A British Army officer has been nominated for a prestigious award, after the end of an equitation season quite unlike any other.
For Major Nicola Rush, the winter months present an opportunity to take stock and make sure her horse Hummer III enjoys a deserved break from competition.
As secretary for the Army Equitation Association, she had the unenviable task of processing the paperwork generated by the coronavirus pandemic, but her meticulous approach meant military riders could continue to compete.
"I've never experienced staff work and paperwork like it," Maj Rush told Forces News.
"It has been really tough and challenging but it has been worth it."
Alongside her work as a physiotherapist, being secretary means Major Rush oversees administration of the army's showjumping, eventing and dressage teams.
Her dedication to the sport has resulted in her being shortlisted for Volunteer Of The Year at this year's Horse and Hound awards.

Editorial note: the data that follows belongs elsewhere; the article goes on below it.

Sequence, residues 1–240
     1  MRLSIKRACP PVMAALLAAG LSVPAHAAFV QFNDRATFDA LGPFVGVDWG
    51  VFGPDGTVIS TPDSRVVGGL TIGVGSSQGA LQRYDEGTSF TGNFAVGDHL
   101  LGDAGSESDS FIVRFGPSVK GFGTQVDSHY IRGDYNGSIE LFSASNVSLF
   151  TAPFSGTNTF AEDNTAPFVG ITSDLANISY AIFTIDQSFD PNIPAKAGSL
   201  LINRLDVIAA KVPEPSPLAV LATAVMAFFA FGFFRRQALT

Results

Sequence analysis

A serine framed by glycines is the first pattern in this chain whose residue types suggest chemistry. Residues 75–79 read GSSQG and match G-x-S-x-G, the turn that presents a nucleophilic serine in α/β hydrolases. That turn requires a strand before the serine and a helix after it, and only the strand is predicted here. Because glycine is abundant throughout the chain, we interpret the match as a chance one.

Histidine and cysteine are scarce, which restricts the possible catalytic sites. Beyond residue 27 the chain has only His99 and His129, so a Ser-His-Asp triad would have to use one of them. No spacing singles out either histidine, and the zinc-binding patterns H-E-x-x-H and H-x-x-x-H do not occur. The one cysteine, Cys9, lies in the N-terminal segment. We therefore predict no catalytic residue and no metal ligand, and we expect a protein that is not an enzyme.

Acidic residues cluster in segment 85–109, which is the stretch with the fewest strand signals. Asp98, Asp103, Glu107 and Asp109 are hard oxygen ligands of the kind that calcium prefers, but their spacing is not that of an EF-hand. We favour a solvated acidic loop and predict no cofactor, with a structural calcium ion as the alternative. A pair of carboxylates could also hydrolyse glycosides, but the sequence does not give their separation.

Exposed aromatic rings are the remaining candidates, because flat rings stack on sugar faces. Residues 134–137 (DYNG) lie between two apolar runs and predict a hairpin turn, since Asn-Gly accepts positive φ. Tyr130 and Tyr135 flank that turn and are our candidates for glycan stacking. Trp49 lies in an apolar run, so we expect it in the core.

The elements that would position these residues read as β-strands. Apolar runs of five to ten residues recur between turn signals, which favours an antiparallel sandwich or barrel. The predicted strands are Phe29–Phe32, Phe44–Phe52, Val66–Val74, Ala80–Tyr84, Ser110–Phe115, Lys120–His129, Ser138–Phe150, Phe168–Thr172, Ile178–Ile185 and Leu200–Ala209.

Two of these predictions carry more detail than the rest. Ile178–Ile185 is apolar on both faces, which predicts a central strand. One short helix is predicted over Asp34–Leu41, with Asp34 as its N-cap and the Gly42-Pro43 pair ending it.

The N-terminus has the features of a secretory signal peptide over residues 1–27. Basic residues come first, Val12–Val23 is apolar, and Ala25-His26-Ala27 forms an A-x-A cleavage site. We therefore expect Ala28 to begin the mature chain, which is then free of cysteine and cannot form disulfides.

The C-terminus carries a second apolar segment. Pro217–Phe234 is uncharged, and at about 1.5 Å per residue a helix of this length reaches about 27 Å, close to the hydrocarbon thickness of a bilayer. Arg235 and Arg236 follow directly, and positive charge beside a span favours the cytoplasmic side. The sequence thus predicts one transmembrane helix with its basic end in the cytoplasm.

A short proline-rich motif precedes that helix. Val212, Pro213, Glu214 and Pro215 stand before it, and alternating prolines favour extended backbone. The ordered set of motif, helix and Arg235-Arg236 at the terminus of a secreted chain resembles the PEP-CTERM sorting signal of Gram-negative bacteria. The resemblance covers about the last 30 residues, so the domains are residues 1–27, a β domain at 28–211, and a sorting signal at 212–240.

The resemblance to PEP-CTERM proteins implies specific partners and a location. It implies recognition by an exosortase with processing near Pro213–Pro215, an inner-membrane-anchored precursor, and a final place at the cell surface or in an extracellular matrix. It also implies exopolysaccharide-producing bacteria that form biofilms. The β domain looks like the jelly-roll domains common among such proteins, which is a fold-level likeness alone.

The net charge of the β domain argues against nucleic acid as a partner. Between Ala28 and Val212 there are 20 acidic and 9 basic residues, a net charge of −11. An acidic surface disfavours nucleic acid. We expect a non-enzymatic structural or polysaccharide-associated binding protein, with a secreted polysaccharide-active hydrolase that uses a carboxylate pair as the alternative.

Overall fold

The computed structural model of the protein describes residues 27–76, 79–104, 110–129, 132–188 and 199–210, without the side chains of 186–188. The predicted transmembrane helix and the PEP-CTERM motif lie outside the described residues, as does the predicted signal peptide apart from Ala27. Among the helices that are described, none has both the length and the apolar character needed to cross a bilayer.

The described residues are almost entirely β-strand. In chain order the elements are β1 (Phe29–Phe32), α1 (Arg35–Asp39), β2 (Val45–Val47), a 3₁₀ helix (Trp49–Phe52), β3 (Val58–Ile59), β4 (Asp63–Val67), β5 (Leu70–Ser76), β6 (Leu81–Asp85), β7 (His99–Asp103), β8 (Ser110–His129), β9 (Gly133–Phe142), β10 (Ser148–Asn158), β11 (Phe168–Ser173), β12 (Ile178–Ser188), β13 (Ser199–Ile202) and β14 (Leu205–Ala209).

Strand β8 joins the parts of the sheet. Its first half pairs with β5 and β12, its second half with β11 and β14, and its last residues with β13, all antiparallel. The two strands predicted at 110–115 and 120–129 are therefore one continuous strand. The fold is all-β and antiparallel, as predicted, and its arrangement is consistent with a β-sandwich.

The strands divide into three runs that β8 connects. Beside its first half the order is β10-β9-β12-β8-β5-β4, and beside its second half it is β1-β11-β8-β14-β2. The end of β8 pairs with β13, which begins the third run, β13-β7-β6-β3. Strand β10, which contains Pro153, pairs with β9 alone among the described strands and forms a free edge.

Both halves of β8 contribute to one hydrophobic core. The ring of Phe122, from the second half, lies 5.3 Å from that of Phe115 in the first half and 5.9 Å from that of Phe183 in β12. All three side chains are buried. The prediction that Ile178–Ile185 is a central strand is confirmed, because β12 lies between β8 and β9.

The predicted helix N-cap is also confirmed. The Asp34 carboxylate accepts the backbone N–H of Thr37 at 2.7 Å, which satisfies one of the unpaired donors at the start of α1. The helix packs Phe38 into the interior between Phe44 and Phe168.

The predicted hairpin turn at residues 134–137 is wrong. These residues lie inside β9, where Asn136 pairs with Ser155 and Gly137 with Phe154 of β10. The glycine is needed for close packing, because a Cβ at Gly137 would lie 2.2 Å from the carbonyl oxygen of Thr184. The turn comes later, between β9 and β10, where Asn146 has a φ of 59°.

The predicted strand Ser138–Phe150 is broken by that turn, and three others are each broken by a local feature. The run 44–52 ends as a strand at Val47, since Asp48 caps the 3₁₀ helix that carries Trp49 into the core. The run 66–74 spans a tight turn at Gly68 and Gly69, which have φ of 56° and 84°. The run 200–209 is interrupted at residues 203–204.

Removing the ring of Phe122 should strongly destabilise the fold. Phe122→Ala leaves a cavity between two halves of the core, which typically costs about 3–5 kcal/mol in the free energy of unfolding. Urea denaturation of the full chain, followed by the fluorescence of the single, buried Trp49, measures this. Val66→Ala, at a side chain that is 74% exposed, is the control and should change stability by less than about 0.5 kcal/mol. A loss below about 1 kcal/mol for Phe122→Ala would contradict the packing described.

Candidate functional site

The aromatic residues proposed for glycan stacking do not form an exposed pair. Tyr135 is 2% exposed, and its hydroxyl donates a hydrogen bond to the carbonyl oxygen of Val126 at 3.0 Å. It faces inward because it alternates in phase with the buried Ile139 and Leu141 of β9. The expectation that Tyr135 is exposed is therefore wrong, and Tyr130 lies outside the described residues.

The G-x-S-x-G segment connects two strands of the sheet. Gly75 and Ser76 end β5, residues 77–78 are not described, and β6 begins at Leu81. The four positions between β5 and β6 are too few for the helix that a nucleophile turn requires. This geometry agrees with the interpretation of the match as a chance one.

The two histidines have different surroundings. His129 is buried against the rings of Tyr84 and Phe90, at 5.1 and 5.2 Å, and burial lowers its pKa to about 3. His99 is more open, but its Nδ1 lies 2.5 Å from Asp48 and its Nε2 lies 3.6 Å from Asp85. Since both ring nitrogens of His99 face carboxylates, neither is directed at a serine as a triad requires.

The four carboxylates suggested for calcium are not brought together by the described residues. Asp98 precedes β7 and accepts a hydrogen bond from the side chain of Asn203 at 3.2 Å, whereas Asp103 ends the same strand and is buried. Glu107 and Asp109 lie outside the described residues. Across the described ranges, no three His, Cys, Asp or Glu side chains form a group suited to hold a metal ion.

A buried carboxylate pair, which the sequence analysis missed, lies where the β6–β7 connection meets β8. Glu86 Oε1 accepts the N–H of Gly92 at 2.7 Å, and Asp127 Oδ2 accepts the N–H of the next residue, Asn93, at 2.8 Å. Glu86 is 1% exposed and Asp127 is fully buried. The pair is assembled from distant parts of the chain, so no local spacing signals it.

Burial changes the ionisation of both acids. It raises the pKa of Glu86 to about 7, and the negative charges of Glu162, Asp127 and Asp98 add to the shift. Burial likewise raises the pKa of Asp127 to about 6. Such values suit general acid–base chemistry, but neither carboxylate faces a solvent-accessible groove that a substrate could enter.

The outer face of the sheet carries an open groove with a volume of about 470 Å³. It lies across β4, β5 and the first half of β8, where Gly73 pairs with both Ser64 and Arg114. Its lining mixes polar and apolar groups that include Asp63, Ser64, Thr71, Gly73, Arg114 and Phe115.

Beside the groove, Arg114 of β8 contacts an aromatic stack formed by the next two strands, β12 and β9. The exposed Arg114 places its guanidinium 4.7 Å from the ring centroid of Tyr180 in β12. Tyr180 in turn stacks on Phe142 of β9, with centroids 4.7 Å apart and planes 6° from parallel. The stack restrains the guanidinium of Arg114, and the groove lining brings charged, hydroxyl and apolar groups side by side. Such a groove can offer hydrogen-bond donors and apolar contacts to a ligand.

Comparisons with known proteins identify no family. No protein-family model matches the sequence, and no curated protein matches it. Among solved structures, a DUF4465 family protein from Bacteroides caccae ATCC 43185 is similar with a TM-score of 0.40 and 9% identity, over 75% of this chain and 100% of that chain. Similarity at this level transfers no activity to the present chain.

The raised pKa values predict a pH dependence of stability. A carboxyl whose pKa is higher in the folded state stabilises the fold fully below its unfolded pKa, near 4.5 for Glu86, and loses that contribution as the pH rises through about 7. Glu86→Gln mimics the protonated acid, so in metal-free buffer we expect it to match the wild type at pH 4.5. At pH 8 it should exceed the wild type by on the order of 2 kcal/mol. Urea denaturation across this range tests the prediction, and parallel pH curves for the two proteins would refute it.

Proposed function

"It's incredible and I'm over the moon," she said.
"It was a huge surprise and a great honour."
The nomination is not just in recognition of this season's endeavours.
Maj Rush has spent the last six years developing teams in the three main equitation disciplines to the point where they can compete at a national and international level.
She admits to facing a number of obstacles along the way, however.
"It was known as a bit of an elitist sport and that you had to have a horse to get involved. We were very passionate about the fact that it shouldn't be like that.
"Let's get soldiers riding, let's get them on horses, let's get them seeing what it feels like, the therapy, the connection.
"The time you can spend with horses that benefits you physically and mentally and emotionally."
With this season now complete, the Army teams are looking forward to a brighter 2021.
Maj Rush, meanwhile, will find out if her year ends on a high when the Horse and Hound Awards are announced in December.